Mindsets & Behaviors for Student Success (2014) to define the attitudes, knowledge,

and skills that students need to improve their academic, career, and social emotional


Student Counseling Goals (Needs)

Counseling goals may be based on the presenting issues, student needs, or

theoretical orientation of the practitioner (Henderson & Thompson, 2016). Focused play therapy goals are often based upon cognitive behavior therapy and include: increased coping with problem situations or stressors, increased expression of feelings, decreased maladaptive thoughts and perceptions, increased positive self-talk, and increased use of problem solving skills (Kottman, 2011). In CCPT, the relationship is the therapy and general goals focus on discovery of personal and internal strengths (Landreth, 2012).

The relationship is meant to assist the individual in meeting goals, such as those described above. School counselors may incorporate both types of goal setting to provide a counseling space that displays empathy and self-direction for students.

Goal Alignment With ASCA Standards

According to the manage section of the ASCA National Model (2019), school counselors collect data to assess their effectiveness. Within the ASCA National Model, 8

achievement, attendance, or discipline are a few example of the types of data that may be collected. Additionally, ASCA provides outcome data examples for elementary schools to include: promotion rates, days absent, discipline referrals, loss of instructional minutes. The ASCA National Model (2019) contains a template for constructing SMART goals. The Mindsets and Behaviors (2014) can be converted to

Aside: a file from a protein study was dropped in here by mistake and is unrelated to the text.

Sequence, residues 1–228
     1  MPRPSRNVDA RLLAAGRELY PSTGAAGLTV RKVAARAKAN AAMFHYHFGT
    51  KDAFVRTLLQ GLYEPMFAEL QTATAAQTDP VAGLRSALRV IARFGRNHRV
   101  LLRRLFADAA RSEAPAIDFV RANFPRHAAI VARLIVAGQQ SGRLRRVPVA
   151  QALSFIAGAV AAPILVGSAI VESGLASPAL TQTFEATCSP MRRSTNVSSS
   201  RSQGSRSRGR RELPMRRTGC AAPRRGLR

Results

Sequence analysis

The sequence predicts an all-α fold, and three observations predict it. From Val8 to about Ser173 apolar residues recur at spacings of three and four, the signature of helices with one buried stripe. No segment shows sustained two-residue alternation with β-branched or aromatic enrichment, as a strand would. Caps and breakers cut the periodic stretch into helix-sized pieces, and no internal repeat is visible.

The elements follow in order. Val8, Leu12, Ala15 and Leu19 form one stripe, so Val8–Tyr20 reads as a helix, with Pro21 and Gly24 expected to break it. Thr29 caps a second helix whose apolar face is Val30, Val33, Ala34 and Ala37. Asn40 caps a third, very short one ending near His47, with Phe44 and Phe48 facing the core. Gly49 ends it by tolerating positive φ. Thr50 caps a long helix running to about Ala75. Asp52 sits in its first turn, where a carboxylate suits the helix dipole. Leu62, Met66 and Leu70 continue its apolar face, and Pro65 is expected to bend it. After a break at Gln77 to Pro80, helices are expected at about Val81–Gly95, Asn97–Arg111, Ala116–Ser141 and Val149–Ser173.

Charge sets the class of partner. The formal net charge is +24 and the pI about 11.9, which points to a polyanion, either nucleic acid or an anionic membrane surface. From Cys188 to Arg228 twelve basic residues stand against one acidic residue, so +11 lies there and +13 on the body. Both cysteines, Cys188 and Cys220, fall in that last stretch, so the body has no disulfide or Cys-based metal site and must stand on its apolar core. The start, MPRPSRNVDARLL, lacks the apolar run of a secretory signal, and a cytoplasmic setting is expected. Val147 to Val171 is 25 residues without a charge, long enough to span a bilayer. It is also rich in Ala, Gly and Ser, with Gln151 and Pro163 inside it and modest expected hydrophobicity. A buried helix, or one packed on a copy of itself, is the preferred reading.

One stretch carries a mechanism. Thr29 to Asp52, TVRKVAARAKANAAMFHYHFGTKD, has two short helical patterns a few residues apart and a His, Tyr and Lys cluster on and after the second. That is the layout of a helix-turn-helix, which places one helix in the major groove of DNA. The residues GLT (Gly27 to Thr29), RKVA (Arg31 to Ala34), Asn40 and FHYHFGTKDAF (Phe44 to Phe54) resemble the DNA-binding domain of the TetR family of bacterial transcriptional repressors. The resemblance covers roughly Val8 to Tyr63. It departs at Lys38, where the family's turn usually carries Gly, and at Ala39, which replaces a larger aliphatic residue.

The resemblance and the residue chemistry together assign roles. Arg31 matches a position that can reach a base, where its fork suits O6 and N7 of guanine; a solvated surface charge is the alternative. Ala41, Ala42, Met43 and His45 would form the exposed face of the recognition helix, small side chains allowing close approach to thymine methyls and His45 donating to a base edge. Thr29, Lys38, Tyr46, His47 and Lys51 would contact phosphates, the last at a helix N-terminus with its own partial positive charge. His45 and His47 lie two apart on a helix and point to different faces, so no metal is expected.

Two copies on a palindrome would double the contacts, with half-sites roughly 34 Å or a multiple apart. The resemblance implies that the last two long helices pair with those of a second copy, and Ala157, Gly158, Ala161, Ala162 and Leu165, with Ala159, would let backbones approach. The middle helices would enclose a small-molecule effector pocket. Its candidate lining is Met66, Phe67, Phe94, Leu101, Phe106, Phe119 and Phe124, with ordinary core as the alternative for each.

SMART goals using the Annual Student Outcome Goal Plan Template. This step will be illustrated with a case example later in this article.

Play Therapy Interventions (How)

The deliver section of the ASCA National Model (2019) describes the use of counseling interventions that school counselors may use to assist students. For play therapy interventions, there are numerous play therapy techniques school counselors may utilize and they vary based on whether they are using focused play therapy or

CCPT. For the scope of this article, we will highlight focused (time-sensitive) play therapy techniques, which include creative techniques such as storytelling

(bibliotherapy), drama, metaphors, music, art-based activities, clay, puppets, sand tray

(and miniature), relaxation exercises, topic specific worksheets or activity books, unfinished sentences, games, and therapeutic writing (Desmond et al., 2015; Hall et al.,

2002). The following case example will highlight its use in practice.

Case Example